JpGU-AGU Joint Meeting 2020

Presentation information

[E] Oral

S (Solid Earth Sciences ) » S-SS Seismology

[S-SS03] Seismological advances in the ocean

convener:Takashi Tonegawa(Research and Development center for Earthquake and Tsunami, Japan Agency for Marine-Earth Science and Technology), Takeshi Akuhara(Earthquake Research Institute, University of Tokyo), Pascal Audet(University of Ottawa), Taka'aki Taira(Berkeley Seismological Laboratory, University of California, Berkeley)

[SSS03-06] Inverting OBS compliance signals for oceanic crust and sediment velocity structure using mixture density neural networks

*Stephen Glenn Mosher1, Zach Eilon2, Pascal Audet1 (1.University of Ottawa, 2.University of California Santa Barbara)

Keywords:Machine Learning, Inverse Problems, OBS

Extremely long wavelength infra-gravity waves propagating along the ocean surface induce a loading of the seafloor, which elastically deforms in response to associated pressure changes in the overlying water column. This phenomenon is known as seafloor compliance and is often considered to be a source of noise contaminating ocean-bottom seismometer (OBS) data. However, OBSs equipped with pressure gauges are able to exploit compliance signals for structural imaging. In particular, seafloor compliance signals are most sensitive to the shear modulus, and therefore, are sensitive to the shear wave velocity (Vs) structure of the sediment column and uppermost crust.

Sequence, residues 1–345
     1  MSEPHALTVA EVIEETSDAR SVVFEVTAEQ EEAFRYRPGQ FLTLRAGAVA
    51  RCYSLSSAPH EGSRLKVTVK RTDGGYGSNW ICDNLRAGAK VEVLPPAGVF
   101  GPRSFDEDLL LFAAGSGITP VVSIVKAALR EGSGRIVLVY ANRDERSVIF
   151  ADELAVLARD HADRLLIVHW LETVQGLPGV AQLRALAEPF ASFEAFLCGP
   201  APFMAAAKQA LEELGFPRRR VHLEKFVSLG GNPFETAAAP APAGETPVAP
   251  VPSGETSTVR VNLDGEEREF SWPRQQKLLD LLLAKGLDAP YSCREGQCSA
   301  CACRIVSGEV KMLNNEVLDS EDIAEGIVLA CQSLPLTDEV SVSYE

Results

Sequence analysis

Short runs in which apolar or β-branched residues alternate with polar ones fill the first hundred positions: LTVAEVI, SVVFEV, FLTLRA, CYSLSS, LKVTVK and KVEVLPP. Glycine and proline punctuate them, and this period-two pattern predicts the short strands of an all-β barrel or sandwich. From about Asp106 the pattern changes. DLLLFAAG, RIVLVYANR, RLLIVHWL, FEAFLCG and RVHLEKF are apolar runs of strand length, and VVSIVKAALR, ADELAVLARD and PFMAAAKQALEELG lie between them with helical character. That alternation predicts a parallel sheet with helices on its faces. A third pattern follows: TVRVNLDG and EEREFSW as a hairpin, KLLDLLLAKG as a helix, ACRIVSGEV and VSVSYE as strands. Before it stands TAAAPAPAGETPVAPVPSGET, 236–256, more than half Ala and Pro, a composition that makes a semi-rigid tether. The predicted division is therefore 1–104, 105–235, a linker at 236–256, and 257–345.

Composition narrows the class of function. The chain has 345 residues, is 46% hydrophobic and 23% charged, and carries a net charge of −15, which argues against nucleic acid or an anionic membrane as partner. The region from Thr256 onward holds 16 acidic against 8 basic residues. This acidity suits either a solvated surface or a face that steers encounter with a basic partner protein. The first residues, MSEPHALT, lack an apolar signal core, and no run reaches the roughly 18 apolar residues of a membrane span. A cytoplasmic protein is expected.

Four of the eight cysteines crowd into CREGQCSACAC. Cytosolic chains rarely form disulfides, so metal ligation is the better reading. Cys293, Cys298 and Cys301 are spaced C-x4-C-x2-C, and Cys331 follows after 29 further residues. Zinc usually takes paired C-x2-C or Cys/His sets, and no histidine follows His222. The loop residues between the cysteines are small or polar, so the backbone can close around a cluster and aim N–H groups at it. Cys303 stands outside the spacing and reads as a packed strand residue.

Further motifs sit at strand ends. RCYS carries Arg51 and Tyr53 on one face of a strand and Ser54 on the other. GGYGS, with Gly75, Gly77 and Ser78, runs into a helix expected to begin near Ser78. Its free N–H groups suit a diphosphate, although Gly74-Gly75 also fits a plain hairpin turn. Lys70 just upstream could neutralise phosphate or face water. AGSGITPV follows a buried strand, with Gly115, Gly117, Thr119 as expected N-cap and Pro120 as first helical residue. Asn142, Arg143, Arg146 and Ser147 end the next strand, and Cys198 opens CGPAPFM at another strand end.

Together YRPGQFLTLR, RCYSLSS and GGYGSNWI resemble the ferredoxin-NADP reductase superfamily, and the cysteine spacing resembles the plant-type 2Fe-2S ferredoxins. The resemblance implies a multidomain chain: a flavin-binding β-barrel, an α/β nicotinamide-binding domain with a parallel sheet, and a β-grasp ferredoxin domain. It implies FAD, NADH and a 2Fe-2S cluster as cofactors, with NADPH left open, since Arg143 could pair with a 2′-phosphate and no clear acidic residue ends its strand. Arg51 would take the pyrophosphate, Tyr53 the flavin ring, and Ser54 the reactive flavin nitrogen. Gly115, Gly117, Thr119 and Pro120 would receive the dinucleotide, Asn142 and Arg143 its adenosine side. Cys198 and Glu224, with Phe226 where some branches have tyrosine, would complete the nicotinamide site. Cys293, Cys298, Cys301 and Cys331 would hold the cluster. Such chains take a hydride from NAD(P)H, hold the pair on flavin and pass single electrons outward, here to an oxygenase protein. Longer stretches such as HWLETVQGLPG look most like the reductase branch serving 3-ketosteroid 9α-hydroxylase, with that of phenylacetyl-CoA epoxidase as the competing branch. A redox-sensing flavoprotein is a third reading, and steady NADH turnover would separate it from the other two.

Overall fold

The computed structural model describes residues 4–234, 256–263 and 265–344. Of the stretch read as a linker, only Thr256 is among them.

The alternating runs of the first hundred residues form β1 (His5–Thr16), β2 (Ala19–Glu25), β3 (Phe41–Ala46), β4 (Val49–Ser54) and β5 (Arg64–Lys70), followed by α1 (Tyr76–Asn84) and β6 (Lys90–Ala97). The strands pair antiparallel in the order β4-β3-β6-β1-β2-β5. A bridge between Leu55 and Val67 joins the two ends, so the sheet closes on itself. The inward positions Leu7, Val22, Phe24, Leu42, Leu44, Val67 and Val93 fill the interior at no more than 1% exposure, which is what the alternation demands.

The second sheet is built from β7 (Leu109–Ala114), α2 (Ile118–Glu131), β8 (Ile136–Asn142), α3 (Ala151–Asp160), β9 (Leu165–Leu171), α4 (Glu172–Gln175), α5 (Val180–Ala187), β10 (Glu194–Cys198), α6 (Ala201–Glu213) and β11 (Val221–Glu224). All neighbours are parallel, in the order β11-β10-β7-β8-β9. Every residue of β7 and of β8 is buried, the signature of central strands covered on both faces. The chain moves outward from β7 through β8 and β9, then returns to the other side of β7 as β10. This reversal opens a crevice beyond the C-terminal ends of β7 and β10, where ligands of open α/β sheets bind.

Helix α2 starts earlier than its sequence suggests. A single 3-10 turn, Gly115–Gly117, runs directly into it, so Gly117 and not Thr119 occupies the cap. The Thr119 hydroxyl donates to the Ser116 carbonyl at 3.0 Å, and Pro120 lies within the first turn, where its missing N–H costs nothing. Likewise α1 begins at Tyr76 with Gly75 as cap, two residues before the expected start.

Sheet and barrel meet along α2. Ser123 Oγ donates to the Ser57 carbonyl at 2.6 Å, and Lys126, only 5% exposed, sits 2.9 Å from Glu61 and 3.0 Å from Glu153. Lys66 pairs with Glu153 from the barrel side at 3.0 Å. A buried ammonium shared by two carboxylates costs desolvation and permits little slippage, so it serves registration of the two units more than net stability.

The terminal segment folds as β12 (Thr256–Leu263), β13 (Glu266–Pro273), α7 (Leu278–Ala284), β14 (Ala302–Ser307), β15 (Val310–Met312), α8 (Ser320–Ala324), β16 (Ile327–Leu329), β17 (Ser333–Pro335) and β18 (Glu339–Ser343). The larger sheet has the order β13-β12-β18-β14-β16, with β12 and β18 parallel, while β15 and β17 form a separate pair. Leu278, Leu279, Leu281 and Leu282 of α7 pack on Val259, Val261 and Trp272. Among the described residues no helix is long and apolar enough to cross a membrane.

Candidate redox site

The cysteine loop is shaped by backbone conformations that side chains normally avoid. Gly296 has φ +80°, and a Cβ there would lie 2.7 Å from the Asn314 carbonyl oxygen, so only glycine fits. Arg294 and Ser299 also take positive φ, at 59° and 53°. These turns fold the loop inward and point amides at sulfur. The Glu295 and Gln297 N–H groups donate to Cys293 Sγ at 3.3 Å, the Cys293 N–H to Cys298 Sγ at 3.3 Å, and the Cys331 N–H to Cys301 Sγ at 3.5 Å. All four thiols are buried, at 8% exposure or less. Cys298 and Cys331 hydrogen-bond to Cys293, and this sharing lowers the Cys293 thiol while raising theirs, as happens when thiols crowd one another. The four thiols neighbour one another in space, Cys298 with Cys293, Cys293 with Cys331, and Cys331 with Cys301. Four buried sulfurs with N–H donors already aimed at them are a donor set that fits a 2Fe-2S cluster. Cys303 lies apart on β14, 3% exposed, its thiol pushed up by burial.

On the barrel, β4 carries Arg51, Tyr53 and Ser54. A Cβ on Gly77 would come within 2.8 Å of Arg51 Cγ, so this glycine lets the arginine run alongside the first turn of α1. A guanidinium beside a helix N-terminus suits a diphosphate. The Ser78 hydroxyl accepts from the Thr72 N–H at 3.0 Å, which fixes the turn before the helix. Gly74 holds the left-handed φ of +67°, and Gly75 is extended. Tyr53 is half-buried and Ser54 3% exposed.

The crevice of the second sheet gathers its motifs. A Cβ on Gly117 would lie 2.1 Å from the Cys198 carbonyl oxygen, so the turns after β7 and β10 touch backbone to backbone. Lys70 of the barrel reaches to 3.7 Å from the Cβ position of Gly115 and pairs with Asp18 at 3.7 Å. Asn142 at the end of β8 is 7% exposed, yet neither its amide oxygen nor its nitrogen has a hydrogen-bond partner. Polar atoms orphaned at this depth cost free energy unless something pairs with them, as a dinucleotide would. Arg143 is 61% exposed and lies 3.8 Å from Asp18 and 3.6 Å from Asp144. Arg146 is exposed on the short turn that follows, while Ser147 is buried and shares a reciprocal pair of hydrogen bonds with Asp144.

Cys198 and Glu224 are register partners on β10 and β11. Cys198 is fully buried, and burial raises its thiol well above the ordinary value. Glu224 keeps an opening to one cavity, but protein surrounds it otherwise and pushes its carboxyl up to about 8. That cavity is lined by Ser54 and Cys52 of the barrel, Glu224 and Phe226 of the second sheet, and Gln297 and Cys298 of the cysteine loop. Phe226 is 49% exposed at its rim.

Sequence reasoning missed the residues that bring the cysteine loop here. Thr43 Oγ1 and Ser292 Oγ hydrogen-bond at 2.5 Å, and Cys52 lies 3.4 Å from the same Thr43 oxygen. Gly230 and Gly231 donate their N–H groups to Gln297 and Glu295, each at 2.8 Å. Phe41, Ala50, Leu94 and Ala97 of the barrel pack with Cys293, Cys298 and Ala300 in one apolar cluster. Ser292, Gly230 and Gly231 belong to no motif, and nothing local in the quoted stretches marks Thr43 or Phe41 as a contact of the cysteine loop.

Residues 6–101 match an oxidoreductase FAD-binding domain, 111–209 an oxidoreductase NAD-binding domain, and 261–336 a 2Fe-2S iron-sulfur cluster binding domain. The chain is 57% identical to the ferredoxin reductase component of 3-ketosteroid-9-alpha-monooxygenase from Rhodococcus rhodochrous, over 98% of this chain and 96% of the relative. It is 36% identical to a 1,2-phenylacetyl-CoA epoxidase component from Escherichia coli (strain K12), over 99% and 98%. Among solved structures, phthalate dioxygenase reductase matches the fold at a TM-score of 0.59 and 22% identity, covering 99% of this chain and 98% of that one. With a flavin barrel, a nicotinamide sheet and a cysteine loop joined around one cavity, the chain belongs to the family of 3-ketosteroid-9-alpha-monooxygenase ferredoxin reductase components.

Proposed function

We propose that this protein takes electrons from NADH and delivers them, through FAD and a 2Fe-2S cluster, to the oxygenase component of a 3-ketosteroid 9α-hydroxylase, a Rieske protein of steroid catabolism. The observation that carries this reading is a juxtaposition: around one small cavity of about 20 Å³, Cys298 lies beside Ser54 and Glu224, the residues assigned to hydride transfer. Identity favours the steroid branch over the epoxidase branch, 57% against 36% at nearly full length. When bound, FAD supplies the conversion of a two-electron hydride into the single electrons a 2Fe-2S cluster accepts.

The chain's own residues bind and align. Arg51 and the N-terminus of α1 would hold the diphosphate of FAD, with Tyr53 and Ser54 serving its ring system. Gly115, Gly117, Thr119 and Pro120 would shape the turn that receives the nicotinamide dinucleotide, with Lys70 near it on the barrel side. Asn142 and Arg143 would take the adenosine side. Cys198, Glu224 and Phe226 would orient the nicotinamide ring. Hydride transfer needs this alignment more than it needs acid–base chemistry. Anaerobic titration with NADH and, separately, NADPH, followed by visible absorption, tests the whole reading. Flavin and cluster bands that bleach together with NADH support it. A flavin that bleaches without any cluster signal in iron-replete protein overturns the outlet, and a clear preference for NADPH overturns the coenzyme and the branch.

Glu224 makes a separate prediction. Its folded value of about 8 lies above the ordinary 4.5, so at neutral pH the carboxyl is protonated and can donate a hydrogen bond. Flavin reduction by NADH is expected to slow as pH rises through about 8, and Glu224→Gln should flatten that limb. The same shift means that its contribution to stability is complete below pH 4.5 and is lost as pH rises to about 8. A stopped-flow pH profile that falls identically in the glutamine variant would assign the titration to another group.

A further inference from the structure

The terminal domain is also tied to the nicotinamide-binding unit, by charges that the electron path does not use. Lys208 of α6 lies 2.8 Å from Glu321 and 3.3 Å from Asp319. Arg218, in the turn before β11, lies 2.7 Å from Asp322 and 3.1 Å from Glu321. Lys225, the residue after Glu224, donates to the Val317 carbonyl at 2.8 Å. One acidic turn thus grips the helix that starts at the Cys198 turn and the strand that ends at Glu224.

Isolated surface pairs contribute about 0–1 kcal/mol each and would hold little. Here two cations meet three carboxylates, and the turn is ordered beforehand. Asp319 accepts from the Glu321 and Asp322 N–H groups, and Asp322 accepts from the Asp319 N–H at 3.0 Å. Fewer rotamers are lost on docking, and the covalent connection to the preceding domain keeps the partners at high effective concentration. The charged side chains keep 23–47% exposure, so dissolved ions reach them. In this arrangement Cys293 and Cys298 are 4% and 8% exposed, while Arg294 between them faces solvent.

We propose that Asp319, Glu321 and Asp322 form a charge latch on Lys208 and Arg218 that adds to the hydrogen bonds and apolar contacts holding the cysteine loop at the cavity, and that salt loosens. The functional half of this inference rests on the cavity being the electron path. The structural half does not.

The non-linear inverse problem of predicting shallow 1D Vs profiles from compliance signals has been addressed in several previous studies, often through the use of linearizing techniques. In this study we explore the possibility of instead solving for Vs structure through the use of a neural network, specifically a mixture density network. Mixture density networks are extensions of standard neural networks that are able to approximate arbitrary probability density functions, including ones that are highly multi-modal (i.e., strongly non-linear). In detail, trained mixture density networks are able to map M-dimensional variables to (posterior) probability functions of N-dimensional observations by expressing these arbitrarily complex functions as a mixture of multiple M+N dimensional Gaussians. Using this framework, the posterior probability distribution of the network output can be computed for any input. In our context this means that once a network has been trained, probabilistic 1D Vs profiles can be computed given any observed compliance data. In this study we restrict our focus to synthetic signals generated for sensors at deep water sites (depths > 1 km) and we parametrize Vs structures using cubic splines down to 3 km, below which a half-space is assumed. We test the feasibility of this method by training a mixture density network on 100,000 synthetically generated compliance signals, and report its effectiveness in recovering shallow elastic structure. This work holds promise for widespread application across the hundreds of recent and planned OBS deployments across the world’s oceans as it is a fast and effective means to image oceanic structures.